The W16 engine that powers the Bugatti Chiron today is nearing its 20th birthday. The engineering marvel set a new standard for performance when the Veyron arrived in 2005, and the car has undergone serious revisions since then that have only increased its power and dominance.
Development for what would become Bugatti’s W16 engine began as a drawing on an envelope in 1997. VW Group’s Chairman of the Board of Management at the time, Ferdinand Karl Piëch, first envisioned an 18-cylinder engine that’d eventually become the quad-turbocharged 8.0-liter 16-cylinder engine we know today.
Gallery: Bugatti’s Quad-Turbocharged 8.0-Liter W16 Engine
The engine underwent its first test in 2001, reaching the required 1,001 PS (987 horsepower / 736 kilowatt) output. The engine’s sheer power required Bugatti to develop new ways to test the engine, including the engine test bench.
Engineers were flying blind as, according to VW’s Head of Engine Development Karl-Heinz Neumann, “there was no literature or empirical data” for cars that could go faster than 350 kilometers per hour (217 miles per hour) with a production engine with more than 12 cylinders. One major hurdle during the car’s development was ensuring it stayed grounded and could put the power to the pavement.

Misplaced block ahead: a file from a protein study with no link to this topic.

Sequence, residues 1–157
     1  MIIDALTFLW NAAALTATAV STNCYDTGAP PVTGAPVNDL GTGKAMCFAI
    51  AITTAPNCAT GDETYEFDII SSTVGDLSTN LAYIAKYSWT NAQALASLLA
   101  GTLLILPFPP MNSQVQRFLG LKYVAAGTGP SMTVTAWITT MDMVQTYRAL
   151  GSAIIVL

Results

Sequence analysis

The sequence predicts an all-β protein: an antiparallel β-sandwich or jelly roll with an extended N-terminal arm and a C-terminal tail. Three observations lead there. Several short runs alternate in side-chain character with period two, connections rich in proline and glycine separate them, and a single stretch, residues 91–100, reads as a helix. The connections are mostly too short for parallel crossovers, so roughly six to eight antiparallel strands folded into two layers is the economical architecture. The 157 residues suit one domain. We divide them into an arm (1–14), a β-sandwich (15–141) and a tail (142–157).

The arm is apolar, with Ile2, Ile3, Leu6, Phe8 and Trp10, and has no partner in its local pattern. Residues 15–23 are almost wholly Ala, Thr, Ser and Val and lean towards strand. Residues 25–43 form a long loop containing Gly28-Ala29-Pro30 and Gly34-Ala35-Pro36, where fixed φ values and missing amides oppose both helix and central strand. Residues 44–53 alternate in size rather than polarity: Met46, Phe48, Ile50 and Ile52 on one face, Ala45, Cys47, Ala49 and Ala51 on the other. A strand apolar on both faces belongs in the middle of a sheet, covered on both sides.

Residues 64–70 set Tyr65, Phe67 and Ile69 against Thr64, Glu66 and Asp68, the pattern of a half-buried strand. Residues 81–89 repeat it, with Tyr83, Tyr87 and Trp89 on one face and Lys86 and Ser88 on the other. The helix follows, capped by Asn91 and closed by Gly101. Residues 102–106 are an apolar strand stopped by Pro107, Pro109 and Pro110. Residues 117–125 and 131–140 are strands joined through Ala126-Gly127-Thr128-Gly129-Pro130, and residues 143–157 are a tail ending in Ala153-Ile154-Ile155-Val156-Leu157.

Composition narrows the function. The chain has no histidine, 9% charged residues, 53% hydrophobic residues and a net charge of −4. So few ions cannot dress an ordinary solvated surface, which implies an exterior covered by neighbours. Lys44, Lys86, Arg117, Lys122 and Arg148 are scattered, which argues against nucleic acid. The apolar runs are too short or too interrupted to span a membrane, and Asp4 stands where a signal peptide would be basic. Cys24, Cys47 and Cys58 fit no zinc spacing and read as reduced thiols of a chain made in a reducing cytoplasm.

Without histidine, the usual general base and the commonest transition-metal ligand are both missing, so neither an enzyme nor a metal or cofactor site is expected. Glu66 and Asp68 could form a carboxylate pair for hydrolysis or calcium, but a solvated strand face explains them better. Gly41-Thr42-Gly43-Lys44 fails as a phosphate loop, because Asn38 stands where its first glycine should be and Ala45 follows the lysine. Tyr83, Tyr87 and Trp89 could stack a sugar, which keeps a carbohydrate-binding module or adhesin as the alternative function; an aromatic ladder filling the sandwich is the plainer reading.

The Bugatti Veyron and its W16 engine wouldn’t arrive until 2005, giving Bugatti engineers four years to hone the engine’s smoothness and reliability, which required more technical innovations. The W16’s design made detecting misfires or engine knock difficult, so the company developed Bugatti Ion Current Sensing. It was designed to monitor each spark plug’s ion current, and it could deactivate the cylinder, slow the timing, or reduce the boost pressure if it detected a knock or misfire.
Bugatti upgraded the W16 engine for 2010, adding larger turbochargers and other mods, which increased its output to 1,200 PS (1,183 hp / 882 kW). However, the engine would receive a significant increase in output with the introduction of the Chiron. Bugatti chucked the old engine out the window and developed everything else as new. The new W16 delivered 1,500 PS (1,479 hp / 1,102 kW), which Bugatti attributes to turbochargers that feature new sequential turbocharging.
Today, the W16 can crank out 1,600 PS (1,578 hp / 1,176 kW), which you get in the Chiron Super Sport and Centodieci. It takes two people six days to build the W16, which has 3,712 individual parts. Once complete, the engine leaves VW’s Salzgitter engine plant for Molsheim, where engineers marry it to the transmission and start the car’s final assembly.
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